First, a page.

Transplant the plant in a suitable potting mix. As I mentioned above, I like to use cactus mix combined with perlite. If you don’t like mixing materials you can use a very porous mix like cactus jack. You can also use an all-purpose potting soil (which is a cheaper alternative) and combine it with perlite, or a combination of these three materials I mentioned. Click here to find some of these materials online.
What if you use the wrong Soil?
Another very common reason for dropped leaves is using the wrong soil medium. The wrong soil, coupled with the wrong watering technique, can make your plant deteriorate rapidly. This usually happens with a newly purchased plant from the store. You bring the plant home and start caring for it. A few weeks later, it starts looking sick, drops its leaves, and you don’t know what you did wrong.
Most likely, the plant has been sitting in the wrong soil which either makes it retain too much water, or not enough water. You become confused and start doing either of these two things: You either start watering your plant more because the leaves have shriveled and fallen off, or you withhold watering because the leaves have fallen off and the plant looks too wet. Or you may even go back and forth between the two.
Chances are, you didn’t do anything wrong in the first place. The plant was destined to perish because of the wrong soil medium. What I like to do when I get a brand new plant from the store (it doesn’t matter from what store, it could be from the hardware store, grocery store or even from a fancy florist) is to repot the plant. It doesn’t need to be repotted immediately but the sooner, the better.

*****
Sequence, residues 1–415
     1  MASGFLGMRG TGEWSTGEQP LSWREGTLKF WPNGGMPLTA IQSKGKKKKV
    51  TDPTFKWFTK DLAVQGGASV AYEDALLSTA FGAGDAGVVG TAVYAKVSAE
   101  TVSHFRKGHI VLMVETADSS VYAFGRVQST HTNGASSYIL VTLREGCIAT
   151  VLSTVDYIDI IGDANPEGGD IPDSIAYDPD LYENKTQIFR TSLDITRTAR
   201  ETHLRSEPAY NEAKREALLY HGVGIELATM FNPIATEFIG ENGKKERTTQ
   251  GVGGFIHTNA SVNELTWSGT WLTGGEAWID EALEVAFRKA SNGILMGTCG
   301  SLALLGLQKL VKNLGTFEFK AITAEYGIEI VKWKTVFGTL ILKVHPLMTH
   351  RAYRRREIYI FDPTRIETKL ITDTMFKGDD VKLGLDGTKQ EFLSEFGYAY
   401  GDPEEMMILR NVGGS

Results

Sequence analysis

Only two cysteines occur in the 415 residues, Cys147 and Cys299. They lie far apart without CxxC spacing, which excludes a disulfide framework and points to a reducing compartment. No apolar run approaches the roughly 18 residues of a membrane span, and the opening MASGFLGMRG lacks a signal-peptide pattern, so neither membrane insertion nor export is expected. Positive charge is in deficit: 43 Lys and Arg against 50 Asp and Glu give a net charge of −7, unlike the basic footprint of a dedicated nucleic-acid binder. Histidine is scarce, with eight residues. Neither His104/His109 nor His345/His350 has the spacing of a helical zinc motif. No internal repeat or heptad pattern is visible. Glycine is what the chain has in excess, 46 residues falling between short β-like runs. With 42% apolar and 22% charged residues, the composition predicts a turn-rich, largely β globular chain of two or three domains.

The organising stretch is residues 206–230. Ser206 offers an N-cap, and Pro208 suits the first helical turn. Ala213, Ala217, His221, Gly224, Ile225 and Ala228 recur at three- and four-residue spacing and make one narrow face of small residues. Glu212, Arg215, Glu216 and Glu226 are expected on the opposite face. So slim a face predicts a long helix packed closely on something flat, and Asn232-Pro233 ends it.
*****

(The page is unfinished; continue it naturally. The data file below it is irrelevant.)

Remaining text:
Can your dying Portulacaria Afra still be saved?
Due to plenty of mishaps I’ve encountered with my plants over the years, my answer to this question is almost always yes. And from experience, the easiest and quickest way to save the plant is to remove it from the pot, let it dry and recover for about a week or so, and transplant it into a brand new potting mix.
By now you may have noticed something–that I’ve mentioned repotting as the solution for almost all problems with this plant. That’s because it usually is. From my experience with this plant or other succulents, you can save a dying plant by repotting it in more suitable soil and the right size pot.
Make sure the pot you are using is just the right size for your plant, not too big so your plant is not drowning, and not too small that it will outgrow the pot very soon. As I mentioned above, Portulacaria Afra plants generally like fast-draining soil. To be on the safe side, I like using cactus mix combined with perlite. You can also use an all-purpose potting soil (which is a cheaper alternative) and combine it with perlite. Or if you do not like to mix materials you can use a very porous material like cactus jack. Click here to find these online.
If the plant is dying, that means it’s starting to rot or shrivel and look really sick, or a combination of both. You can still save the plant by saving the viable parts of the plant. Remove or cut off any visible rot, let the cuttings dry for a few days to about a week or so, then stick them in the soil to root.
Keep away from direct sunlight and water when dry. In a few weeks’ time, you will see new growth and new roots develop.
Can you save the leaf of a Portulacaria Afra and replant?
Yes, but it is not my preferred method of propagation because it takes too long and I tend to lose the leaves before it propagates successfully. If you want to save some healthy leaves to propagate, it can be done but you need to be patient as it takes a long time. Make sure you also save some stem cuttings because they are easier to replant and you’ll have greater success rates with them than leaves alone.